Sunday, November 05, 2006

Dr. Ken Rumstay's SPIRAL CORNER

OBSERVER'S NOTEBOOK

A century ago, the Milky Way would have been familiar to all but the few who lived in the largest cities.

Most Americans of the era would have been able to point out at least a dozen constellations.



Today, a plethora of electronic diversions --- including the internet --- keep us indoors at night. For those who do venture outdoors, light pollution has washed the Milky Way out of most of our skies.

The end result is that few people today have the time or inclination to study the night sky. Yet stargazing is still loved by a hardy minority of millions!

To share in the fun, there’s no need to spend thousands on fancy equipment; in fact, there’s no need for equipment at all.

In my astronomy classes here at Valdosta State University, I always have my students observe the heavens for at least a week before hauling out the telescopes.

This column will provide tips on how to get the most out of your night sky. All that’s required are two good eyes and a clear sky.

The first thing you’ll notice about the night sky is that it’s dark! That seems obvious. But as Heinrich Olbers pointed out in 1823, this actually tells us a lot about our universe.

Without much evidence to the contrary, 18th century astronomers and philosophers believed that the universe in which we live was infinite, and had always existed.

In other words, the universe had no boundaries in space or time but Olbers pointed out that if this were true, then the universe would contain an infinite number of stars, and in whatever direction we chanced to look, our line of sight would eventually intersect the surface of one of those stars.

If so, then the entire sky would glow as brightly as the surface of the sun! This is obviously not the case, and cosmologists have since validated the theory of the big bang in which the universe had a definite beginning, forming some 14 billion years ago.

Because of Olbers’ Paradox, you’ll notice how dark everything really seems once you’re outside under a night time sky. Gradually as your eyes adjust and begin to dilate, you will notice gradations in brightness until your eyes are able to discern darkness.

Astronomers refer to this process as “becoming dark adapted,” which takes about five minutes for a typical adult.

Once you’ve learned the lessons of taking the time to allow your eyes to fully adjust to the night sky, then believe it or not, if you’re still not convinced that you can observe the cosmos without a piece of astronomical equipment, then the first thing to buy would be a small flashlight.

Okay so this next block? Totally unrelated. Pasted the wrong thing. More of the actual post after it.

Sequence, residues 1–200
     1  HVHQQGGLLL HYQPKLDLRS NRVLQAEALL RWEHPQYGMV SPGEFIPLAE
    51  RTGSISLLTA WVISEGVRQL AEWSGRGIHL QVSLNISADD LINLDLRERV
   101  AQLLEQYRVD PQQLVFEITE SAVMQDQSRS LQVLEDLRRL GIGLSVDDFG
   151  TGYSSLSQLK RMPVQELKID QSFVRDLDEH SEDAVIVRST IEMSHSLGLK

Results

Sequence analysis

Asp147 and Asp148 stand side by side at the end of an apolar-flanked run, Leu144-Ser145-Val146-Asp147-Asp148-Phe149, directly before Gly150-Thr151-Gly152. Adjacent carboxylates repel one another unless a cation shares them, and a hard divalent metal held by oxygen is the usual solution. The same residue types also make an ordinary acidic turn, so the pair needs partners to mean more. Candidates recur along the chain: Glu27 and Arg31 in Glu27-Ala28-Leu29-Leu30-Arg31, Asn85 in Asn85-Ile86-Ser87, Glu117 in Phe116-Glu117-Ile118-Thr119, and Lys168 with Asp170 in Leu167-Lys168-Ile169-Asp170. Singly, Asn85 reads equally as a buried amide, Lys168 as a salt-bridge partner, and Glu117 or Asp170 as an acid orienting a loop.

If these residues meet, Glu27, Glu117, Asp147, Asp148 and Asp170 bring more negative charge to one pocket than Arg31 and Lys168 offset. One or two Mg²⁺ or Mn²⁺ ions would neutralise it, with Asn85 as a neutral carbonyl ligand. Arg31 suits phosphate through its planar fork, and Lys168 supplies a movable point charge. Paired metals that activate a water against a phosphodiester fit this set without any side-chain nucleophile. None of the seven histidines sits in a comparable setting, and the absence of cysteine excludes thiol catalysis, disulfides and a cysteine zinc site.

Buy one small enough to hold in your mouth. That may sound crazy or even unsanitary, but it’s a skill that you will find handy later on.

The lens of your new flashlight should be covered with some red translucent material. Since red light tends not to overpower human night vision like light from other parts of the spectrum, both amateur and professional astronomers use it to avoid killing themselves in the dark and to avoid diminishing their “dark adapted” night vision.

Plastic report binders from office supply stores typically sell translucent red covers that can be fashioned at the end of one’s flashlight. If that’s too hard to track down, then red cellophane or even painted-on red nail polish applied to the flashlight lens can do the trick.

In some cases, the head of the flashlight can be disassembled to allow the filter to be placed against the inner surface of the lens. If not, simply secure it into place with double-sided adhesive tape.

If observing near your own house, turn off all your outside lights and if you can convince the neighbors to join you, have them do the same. Leave the house, and use your newly fashioned red light flashlight to make your way to a spot clear of obstructions from nearby trees or buildings.

Turn off your red light, wait five minutes or so, and look upwards. Towards the north, you should be able to see the Big Dipper, the most famous and most easily recognized set of stars within any of the constellations.

Depending on the date and the time of night, the Dig Dipper may be rightside-up, upside-down, or standing on its handle. But it is always in the northern sky. In November and December it is rightside-up. But at its lowest point; if you live in the southern United States, it may be obscured by trees or buildings.

Higher in the northern sky, you will see five stars, easily visible but not terribly bright, which form a shape not unlike the letter “M.” That’s the constellation of Cassiopeia, the Queen of Ethiopia, seated on her throne.

Now turn towards the west. High in the sky are three bright stars which form the so-called “Summer Triangle.” The Summer Triangle is not a constellation. Its three stars are each the brightest stars in three separate constellations.

The star at the top of the triangle is Deneb; hanging down from it (and tilted at a slight angle to the left) are stars which form the shape of a cross. This is the constellation of Cygnus the swan, although the pattern is also commonly known as the Northern Cross.

Below Deneb is a much brighter star called Vega. Vega belongs to the constellation of Lyra the harp; the other stars in Lyra form a parallelogram to the left and slightly above Vega itself. These stars are faint; you may have difficulty seeing them if your sky is not very dark.

To the left of Vega, is the bright star Altair. Altair belongs to the constellation Aquila, the eagle. But it in now way resembles an eagle! At least I’ve never seen an eagle in it.

Next time, we’ll look at some of the constellations rising in the east at this time of the year. There are many myths and legends immortalized in the night sky, and they are accessible to everyone!

Image: courtesy Roger Smith/NOAO/AURA/NSF

1 Comments:

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12:51 AM  

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